This study uses survey data from 1994 and 1999 to examine the nature, causes, and consequences of Americans’ generalized beliefs about other nations during the decade prior to September 11, 2001—a relatively sedate era in international relations compared to the Cold War and post-September 11 periods. As was the case after the terrorist attacks, relatively few citizens expressed high levels of trust in other nations; more did in 1999 than in 1994, however. Partisanship, beliefs about government, age, and education were related to trust in other nations at the individual level, with some of these relationships varying over time. Trust in other nations, in turn, was related to preferences for diplomacy and support for military interventions. The strength of the former relationship varied over time, whereas the nature of the latter relationship depended on the nature of the intervention in question. The findings raise the question of why so few Americans trust other nations not only during periods of external threat but also during “quieter” times.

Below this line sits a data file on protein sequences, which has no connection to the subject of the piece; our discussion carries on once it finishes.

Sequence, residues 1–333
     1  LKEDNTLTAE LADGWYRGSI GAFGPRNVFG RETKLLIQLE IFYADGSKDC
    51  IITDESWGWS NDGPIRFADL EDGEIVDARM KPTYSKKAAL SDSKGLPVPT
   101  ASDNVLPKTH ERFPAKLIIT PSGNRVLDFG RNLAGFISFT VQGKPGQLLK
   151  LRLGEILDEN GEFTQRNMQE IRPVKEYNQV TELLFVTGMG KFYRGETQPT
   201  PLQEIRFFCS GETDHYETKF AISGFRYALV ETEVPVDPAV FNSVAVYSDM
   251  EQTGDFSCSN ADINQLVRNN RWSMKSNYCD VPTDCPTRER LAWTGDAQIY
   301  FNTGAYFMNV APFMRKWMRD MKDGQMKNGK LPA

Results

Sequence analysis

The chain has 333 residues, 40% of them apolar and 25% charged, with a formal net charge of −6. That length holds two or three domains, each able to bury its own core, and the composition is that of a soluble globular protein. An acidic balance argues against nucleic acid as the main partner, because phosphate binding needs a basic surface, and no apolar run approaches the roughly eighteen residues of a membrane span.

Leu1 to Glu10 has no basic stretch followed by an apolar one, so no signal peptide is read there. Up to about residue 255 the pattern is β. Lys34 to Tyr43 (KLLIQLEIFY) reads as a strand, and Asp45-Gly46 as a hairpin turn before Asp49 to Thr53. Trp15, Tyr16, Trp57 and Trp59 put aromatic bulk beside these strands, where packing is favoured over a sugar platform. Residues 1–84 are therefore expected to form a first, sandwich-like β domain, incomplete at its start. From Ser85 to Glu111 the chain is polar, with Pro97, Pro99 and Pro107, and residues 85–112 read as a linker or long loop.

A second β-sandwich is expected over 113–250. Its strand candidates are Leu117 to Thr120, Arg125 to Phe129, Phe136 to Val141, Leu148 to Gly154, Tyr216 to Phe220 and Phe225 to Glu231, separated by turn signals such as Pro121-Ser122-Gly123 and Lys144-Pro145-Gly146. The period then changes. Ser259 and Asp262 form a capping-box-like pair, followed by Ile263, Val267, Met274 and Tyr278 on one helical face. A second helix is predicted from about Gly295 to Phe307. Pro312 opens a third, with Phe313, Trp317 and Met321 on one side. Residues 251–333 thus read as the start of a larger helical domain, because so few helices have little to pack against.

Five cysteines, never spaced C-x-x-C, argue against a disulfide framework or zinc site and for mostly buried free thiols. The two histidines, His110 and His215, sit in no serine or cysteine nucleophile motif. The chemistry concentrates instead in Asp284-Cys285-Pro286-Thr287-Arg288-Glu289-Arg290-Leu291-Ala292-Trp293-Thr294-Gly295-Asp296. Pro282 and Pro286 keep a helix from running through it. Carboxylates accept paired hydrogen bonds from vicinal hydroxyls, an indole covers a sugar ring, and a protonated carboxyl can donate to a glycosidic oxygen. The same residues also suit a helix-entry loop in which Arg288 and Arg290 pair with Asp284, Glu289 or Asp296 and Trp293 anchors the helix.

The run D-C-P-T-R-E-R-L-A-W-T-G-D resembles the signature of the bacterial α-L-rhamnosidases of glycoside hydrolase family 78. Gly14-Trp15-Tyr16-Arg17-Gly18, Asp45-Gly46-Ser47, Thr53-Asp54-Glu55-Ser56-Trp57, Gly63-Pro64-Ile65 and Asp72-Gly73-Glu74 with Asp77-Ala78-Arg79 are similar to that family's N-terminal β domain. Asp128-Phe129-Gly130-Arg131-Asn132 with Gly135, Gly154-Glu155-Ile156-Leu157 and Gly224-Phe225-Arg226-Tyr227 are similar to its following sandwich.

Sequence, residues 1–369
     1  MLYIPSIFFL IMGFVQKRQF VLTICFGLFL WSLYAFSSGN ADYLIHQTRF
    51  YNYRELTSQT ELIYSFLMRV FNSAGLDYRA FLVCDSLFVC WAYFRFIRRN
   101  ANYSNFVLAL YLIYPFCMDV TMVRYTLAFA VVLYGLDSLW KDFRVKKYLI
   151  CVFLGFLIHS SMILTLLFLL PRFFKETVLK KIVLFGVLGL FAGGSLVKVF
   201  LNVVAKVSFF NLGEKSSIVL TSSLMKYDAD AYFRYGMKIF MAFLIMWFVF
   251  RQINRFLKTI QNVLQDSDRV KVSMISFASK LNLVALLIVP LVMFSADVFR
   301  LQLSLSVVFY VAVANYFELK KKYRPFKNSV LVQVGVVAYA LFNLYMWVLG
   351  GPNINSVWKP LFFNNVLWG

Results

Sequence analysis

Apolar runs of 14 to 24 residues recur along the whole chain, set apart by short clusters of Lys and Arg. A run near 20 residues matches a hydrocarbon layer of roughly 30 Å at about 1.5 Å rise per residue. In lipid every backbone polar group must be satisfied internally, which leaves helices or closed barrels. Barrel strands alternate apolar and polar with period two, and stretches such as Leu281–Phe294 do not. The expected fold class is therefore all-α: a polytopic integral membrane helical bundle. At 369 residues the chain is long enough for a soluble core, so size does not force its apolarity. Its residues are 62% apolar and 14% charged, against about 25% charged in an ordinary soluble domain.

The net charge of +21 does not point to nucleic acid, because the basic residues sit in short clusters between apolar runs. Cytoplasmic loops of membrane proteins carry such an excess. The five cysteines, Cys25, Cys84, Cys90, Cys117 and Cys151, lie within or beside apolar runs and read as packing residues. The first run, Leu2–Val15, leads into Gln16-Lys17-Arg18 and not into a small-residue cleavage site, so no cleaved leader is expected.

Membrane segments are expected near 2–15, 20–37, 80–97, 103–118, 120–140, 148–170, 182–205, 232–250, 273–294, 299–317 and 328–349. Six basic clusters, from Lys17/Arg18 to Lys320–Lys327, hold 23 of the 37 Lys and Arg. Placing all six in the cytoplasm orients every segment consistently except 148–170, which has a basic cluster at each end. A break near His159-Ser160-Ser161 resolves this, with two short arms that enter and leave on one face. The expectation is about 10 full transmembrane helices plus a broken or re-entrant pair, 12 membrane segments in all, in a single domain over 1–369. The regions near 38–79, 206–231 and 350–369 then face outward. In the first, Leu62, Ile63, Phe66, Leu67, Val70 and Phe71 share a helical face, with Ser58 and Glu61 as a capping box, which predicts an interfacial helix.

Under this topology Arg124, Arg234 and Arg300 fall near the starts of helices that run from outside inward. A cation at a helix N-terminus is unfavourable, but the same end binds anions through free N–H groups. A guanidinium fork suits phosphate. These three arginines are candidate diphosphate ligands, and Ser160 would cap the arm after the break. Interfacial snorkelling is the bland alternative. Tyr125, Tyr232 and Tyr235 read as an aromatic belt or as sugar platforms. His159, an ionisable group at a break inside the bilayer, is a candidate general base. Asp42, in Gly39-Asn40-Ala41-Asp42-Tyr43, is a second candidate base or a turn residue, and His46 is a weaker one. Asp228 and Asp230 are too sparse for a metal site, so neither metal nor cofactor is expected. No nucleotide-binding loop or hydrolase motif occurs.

Political Behavior – Springer Journals
Published: Oct 15, 2004
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